Anyone have IP cameras installed in their home or office?

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    Sep 28, 2013 11:19 PM GMT
    Been shopping around for some type of home surveillance camera or system. Dropcam seems really popular but seems really limited. No local storage/recording is a deal killer. You have to pay a monthly fee for DVR capabilities on their servers.

    Foscam seems like another good choice. But their fake reviews on Amazon makes me have second thoughts.

    Was thinking about getting a 4-camera surveillance system from Swannn or Samsung. But they start at $500+.

    Anyone have other suggestions/experience?
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    Sep 28, 2013 11:29 PM GMT
    Raccoons get no privacy in xrichx's back yard! icon_smile.gif
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    Sep 28, 2013 11:32 PM GMT
    Lumpyoatmeal saidRaccoons get no privacy in xrichx's back yard! icon_smile.gif
    These are the racoons I'm concerned about. icon_lol.gif

    Burglar.jpg
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    Sep 28, 2013 11:36 PM GMT
    I got a couple of cheap foscam ones to keep an eye buildings over on the far side of the ranch. Hooking them up with mac software was a bit of a kludge - needed a dedicated machine pretty much to serve them. Finally quit paying for the DSL line over there - there are long-range WiFi antennae and relays that will do the job without monthly fees. But I'm sure technology has advanced in the last five years since I looked at them.
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    Sep 29, 2013 2:07 AM GMT
    I have four of them: an old Axis, a new HD Axis, a Panasonic pan/tilt, and a cheapo D-link. The Axis units are by far the best of my cams. I couldn't even get the Panasonic to work over WiFi, but it works fine on Ethernet. The D-link is a cheap, crappy resolution cam that does work over WiFi, but it is much more reliable over Ethernet. IIRC, D-link has a free service that will keep track of your cam if it's behind a router and has a dynamic IP; because I have static IPs, I skipped that service and gave it a static subnet address off the WiFi router, with an oddball port number, and I config'd the router for port forwarding to the cam.

    My only advice: you get what you pay for. The new HD Axis is a $400 cam, and the quality is vastly superior to all the others.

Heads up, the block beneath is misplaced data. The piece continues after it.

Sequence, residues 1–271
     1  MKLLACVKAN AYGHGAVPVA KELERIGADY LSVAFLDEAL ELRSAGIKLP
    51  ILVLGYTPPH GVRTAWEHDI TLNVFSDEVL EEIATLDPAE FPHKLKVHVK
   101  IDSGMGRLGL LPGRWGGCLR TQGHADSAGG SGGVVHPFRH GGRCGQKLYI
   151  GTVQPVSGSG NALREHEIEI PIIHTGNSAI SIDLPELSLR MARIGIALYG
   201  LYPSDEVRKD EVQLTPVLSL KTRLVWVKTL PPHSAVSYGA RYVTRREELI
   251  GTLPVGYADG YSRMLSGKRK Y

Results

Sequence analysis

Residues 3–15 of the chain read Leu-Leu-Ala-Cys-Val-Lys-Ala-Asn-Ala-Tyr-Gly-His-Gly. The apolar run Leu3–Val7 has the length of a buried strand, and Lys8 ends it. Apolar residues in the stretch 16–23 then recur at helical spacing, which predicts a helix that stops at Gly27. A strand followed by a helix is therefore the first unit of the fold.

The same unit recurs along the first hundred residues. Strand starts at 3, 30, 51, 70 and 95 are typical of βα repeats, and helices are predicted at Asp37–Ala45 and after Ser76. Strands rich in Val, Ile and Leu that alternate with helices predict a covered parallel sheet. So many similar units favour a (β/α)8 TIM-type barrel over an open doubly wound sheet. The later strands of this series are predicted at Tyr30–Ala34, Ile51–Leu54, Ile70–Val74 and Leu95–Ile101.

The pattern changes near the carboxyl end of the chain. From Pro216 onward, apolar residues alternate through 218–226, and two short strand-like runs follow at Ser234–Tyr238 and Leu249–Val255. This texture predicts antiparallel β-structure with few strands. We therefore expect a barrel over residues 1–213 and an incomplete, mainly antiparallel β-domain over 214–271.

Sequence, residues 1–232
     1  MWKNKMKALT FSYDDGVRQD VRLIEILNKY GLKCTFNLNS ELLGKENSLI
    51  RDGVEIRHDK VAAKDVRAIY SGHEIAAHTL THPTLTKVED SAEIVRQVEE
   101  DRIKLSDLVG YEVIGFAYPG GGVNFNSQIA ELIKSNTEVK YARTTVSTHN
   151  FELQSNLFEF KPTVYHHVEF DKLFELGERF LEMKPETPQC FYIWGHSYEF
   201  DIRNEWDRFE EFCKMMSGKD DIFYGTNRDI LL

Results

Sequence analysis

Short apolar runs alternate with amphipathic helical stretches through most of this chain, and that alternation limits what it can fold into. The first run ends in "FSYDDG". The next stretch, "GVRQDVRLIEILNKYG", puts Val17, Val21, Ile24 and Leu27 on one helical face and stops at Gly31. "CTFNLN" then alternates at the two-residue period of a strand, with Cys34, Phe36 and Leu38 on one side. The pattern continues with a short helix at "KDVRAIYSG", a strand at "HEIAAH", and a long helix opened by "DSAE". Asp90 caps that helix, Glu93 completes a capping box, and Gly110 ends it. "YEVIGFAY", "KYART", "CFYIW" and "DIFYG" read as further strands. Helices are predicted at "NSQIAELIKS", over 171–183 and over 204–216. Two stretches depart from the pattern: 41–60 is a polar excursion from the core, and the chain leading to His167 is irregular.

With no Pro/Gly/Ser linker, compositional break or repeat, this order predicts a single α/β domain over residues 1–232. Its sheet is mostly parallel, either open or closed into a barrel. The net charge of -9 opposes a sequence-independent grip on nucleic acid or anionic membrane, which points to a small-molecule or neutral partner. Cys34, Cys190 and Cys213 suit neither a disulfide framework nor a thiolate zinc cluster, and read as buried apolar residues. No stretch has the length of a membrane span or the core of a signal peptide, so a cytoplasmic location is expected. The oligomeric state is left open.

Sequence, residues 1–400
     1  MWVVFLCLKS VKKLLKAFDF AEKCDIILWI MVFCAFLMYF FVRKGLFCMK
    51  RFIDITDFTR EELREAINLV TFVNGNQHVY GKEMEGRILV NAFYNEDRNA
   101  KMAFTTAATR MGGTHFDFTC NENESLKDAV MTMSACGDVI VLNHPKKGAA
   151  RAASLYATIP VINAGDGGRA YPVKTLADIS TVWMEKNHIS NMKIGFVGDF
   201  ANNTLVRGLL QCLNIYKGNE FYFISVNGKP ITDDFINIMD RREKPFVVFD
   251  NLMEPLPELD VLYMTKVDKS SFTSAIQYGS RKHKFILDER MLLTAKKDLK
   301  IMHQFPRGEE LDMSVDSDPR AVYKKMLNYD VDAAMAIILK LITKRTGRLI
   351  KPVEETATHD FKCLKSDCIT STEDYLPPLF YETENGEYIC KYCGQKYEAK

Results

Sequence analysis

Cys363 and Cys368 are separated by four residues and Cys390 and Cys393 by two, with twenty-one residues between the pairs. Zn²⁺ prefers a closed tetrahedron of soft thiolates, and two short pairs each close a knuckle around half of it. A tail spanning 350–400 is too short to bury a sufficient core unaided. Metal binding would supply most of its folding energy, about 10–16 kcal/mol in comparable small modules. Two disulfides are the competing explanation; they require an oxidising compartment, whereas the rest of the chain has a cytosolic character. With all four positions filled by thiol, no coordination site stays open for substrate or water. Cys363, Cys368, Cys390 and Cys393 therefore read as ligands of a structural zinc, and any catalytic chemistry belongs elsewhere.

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    Sep 29, 2013 2:54 AM GMT
    Yup, a lot of the TV stations use Axis cameras for their live weather cams. Quality is pretty good overall.
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    Sep 29, 2013 3:36 AM GMT
    If you have varmints stealing stuff it might be more effective in the long run to use a Havahart and trap them and then drive far away to some undeveloped area and release them.

    http://goo.gl/j1mrg6
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    Sep 29, 2013 3:38 AM GMT
    Lumpyoatmeal saidIf you have varmints stealing stuff it might be more effective in the long run to use a Havahart and trap them and then drive far away to some undeveloped area and release them.

    http://goo.gl/j1mrg6

    I.e., you don't really need to see them, just get rid of them.
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    Sep 29, 2013 3:49 AM GMT
    How about rigging up your own open source instance of "iSpy"?

    http://www.ispyconnect.com/

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    Sep 29, 2013 4:02 AM GMT
    GAMRican saidHow about rigging up your own open source instance of "iSpy"?

    http://www.ispyconnect.com/

    ..
    Well, I was looking more for something that is self contained. IP cameras have built in web servers and only require power and internet connection.
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    Sep 29, 2013 4:07 AM GMT
    xrichx said
    GAMRican saidHow about rigging up your own open source instance of "iSpy"?

    http://www.ispyconnect.com/

    ..
    Well, I was looking more for something that is self contained. IP cameras have built in web servers and only require power and internet connection.


    But are well known to have inherent security vulnerabilities as well. Using a proxy for the IP cameras abstracts them from direct access from the internet.